Khosrow Hassanzadeh’s early works, of which the British Museum has three in its collection, directly reflect his experiences as a basiii — one of the volunteers who fought in the Iran-Iraq War (1980-88) — and exemplify the subjects that concerned him at this time and the techniques he used in the paintings. His earliest works were painted in pastel on brown paper bags that he used to sell fruit: his way of making a living in the years after the war during his artistic training. Joined together to create vast sheets, these early works are for the most part portraits of himself or of members of his family. They are posed, unsmiling, their faces — particularly that of his mother — lined and etched with pain. In the manner of an old-fashioned photographic studio, they are set against backgrounds that evoke delicately patterned wallpaper. There is always a rectangular window or a picture.
It is easy to imagine these people as victims, suffering perhaps the agony of widowhood, the loss of a child or brother. However, the texts Hassanzadeh inscribes on some of these works in his light nasta’liq style of script add profound layers of meaning and complexity. In ‘I’m In Love’, a self-portrait of the artist kneeling in the manner of a Classical Persian miniature, the texts are an extraordinary mixture of poetry and philosophical musings on the human condition. It starts, however, in prose: ‘And this act of demolishing becomes a basis for another destruction, and each destruction follows a demolition after a construction. And when everything is destroyed, it is only the legend that seems real. Now if this world, which I am making or destroying — can be called a world — looks unfamiliar, irrational and ugly, it is not my fault. Our present world suffers from these unfamiliarities, from being torn apart and breaking into pieces of values, or at least my world suffers from this imagination and only storm can soothe my chaos.’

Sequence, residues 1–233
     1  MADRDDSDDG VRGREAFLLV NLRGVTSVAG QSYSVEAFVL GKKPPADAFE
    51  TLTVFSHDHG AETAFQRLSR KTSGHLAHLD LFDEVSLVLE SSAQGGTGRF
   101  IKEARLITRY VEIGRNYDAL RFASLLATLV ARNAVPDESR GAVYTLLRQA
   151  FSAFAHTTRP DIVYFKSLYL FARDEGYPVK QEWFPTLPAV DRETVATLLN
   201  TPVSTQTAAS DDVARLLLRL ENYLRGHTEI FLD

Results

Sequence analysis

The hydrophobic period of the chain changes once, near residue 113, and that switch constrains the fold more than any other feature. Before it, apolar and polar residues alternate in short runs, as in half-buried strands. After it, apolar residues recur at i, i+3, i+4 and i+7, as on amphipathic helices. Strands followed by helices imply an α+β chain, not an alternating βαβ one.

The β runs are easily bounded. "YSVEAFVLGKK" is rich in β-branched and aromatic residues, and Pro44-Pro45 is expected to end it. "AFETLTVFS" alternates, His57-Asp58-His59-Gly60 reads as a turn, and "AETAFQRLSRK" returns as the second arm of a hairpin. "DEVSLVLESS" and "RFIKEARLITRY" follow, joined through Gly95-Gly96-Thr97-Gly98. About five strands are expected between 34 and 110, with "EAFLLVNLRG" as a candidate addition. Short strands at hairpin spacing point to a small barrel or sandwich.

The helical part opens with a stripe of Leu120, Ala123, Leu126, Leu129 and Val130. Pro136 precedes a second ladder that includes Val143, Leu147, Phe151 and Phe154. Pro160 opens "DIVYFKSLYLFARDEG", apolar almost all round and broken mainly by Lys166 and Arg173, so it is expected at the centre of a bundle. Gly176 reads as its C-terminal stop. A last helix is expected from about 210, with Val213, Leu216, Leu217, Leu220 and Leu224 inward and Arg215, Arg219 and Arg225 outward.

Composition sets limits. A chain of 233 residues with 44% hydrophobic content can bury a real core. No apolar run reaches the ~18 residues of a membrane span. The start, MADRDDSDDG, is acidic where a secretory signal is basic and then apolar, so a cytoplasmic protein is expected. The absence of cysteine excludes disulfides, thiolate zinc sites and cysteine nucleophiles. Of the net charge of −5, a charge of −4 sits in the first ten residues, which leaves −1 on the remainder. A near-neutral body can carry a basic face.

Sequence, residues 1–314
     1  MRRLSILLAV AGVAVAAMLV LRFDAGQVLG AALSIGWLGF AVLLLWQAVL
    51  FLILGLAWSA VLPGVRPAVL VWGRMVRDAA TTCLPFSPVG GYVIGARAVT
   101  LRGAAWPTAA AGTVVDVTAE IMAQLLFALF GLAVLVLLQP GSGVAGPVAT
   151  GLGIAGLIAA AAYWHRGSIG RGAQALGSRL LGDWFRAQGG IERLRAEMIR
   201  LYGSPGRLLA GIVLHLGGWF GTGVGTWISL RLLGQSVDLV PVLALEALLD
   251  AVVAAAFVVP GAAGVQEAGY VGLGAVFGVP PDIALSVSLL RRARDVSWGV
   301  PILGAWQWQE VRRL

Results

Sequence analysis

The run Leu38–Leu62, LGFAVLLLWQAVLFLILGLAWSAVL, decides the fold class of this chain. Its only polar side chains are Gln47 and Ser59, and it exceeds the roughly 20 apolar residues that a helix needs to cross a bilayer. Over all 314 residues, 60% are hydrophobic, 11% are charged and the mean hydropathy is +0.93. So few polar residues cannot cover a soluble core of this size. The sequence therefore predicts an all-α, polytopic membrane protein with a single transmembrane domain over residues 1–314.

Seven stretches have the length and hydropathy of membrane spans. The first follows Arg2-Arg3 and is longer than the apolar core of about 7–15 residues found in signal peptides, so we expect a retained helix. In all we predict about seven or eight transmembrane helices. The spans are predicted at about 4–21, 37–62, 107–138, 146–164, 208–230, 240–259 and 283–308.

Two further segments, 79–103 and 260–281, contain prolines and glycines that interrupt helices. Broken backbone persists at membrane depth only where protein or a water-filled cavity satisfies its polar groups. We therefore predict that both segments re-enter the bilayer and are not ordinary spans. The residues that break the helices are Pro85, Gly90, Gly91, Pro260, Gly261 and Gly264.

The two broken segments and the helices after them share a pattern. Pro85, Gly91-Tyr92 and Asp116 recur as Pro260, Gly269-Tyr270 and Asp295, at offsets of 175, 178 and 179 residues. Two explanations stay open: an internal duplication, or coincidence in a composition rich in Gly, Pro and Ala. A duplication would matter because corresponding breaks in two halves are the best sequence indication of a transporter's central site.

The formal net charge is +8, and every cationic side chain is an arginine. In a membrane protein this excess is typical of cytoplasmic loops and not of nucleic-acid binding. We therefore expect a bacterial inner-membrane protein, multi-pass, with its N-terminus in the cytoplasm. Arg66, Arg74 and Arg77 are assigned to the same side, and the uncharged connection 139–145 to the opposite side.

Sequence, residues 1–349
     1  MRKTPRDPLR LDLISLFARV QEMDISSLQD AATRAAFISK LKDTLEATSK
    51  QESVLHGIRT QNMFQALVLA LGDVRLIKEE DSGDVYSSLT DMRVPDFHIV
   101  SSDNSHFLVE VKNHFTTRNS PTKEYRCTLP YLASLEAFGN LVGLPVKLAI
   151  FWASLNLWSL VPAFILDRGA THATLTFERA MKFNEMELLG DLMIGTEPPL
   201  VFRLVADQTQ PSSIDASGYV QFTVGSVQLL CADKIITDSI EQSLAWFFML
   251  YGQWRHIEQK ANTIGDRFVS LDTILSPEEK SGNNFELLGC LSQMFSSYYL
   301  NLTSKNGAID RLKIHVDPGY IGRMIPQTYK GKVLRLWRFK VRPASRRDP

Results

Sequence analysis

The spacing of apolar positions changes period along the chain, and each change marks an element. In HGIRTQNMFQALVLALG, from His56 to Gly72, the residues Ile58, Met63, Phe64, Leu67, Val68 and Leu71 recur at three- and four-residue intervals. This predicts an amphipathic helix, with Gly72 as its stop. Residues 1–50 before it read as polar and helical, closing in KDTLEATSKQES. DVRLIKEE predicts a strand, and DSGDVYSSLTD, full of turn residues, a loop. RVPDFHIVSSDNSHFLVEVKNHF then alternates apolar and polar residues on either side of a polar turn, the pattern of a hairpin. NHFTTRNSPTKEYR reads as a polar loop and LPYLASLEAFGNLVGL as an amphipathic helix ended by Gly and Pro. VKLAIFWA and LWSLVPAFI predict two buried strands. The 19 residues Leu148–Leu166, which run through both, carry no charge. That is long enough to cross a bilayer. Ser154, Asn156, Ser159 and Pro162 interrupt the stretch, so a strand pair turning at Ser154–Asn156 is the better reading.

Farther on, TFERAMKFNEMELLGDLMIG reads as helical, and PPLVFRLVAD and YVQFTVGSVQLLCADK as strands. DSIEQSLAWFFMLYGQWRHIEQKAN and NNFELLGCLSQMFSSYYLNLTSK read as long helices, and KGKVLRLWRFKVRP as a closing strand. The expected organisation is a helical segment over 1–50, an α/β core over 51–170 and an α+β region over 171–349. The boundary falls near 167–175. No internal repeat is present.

Hassanzadeh continues with a poem inspired by the fourteenth-century Persian poet Hafez:
I am in love
But what bearing
When the storm twists
The tent of loneliness
The torn rope of the tent
And my stormy destiny
The themes represented here are further expanded upon in his later paintings. Characteristic, however, of both his early work and his oeuvre as a whole, is the direct connection between his life, his experiences and his profound interest in Shi’i tradition that can be seen so dramatically in the Ashura series of paintings. As such, Hassanzadeh can be regarded as a direct inheritor of the Saqqakhaneh movement of Iranian Modernism, which began in the 1960s and in which past traditions were so well fused with a modern idiom.